After police officers were recorded on video pulling a mother out of her vehicle and smashing the windows with her toddler in the backseat, the city of Philadelphia recently agreed to pay $2 million to the innocent woman. At least 2 officers have been terminated for their involvement in the assault.
Shortly before 2 a.m. on October 27, 2020, Rickia Young was driving home with her 16-year-old nephew and two-year-old son when she became stuck in traffic at a police barricade during a protest against police brutality. In a cellphone video recorded by Aapril Rice, Young’s SUV can be seen attempting a three-point turn as multiple officers surrounded the pickup truck stopped in front of her.
Instead of allowing Young to leave the area, the officers suddenly began to smash her windows before pulling her out of the vehicle and beating her with a baton. Young and her nephew were thrown to the ground, as another officer removed her 2-year-old hearing impaired son from the backseat.
Young reportedly suffered a “bloody nose, a swollen trachea, blood in her urine, and swelling and pain on her left side,” while her son was treated at Children’s Hospital of Philadelphia for “a large welt on his head.” Although some protesters allegedly threw projectiles at the police officers during the protest, Young was clearly attempting to drive away from the officers in the video when they attacked her family.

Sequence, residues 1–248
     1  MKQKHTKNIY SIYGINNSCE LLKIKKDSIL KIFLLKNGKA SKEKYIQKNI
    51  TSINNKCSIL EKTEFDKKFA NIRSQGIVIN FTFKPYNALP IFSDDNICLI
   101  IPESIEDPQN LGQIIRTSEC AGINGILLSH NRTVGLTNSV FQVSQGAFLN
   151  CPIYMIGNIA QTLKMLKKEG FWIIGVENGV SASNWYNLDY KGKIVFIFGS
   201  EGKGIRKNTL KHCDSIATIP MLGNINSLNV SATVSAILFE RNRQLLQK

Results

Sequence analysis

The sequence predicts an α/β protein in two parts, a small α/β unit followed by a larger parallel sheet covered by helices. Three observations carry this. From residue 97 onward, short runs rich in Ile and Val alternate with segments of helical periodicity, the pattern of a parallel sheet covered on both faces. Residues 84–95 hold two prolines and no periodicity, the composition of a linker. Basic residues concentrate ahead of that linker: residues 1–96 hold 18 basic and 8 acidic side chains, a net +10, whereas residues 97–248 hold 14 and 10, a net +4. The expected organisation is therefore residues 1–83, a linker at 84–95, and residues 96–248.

According to her attorney, Young was detained for several hours but was not charged or cited with any crime.
Last week, Young filed a lawsuit against the National Fraternal Order of Police, which two days after the incident posted a photo of a Philadelphia police officer holding Young’s then-2-year-old son. The photo was later deleted from the police union’s social media.
In May, a police sergeant and an officer were fired for their conduct during the incident. Sgt. David Chisholm was terminated for violating departmental policies, use of force, and lying or attempting to deceive during a departmental investigation, while Officer Darren Kardos was fired for excessive use of force and physical abuse with a baton.
On Monday, the city of Philadelphia agreed to pay $2 million to Young in order to avoid a lawsuit against the city.
“This terrible incident, which should have never happened to anyone, only further strained the relationship between the police and community,” Philadelphia Mayor Jim Kenney said in a recent statement. “The officers’ inexcusable actions that evening prompted an immediate and thorough investigation of the incident and for personnel to be disciplined and held accountable for their egregious conduct. I hope that the settlement and investigations into the officers’ actions bring some measure of closure to Ms. Young and her family.”
“The behavior that occurred during the interaction between Rickia Young, her nephew, her son, and some of the officers on the scene violated the mission of the Philadelphia Police Department,” Police Commissioner Danielle Outlaw said in a statement.
“As a matter of fact, the ability for officers and supervisors on the scene to diffuse the situation was abandoned, and instead of fighting crime and the fear of crime, some of the officers on the scene created an environment that terrorized Rickia Young, her family, and other members of the public.”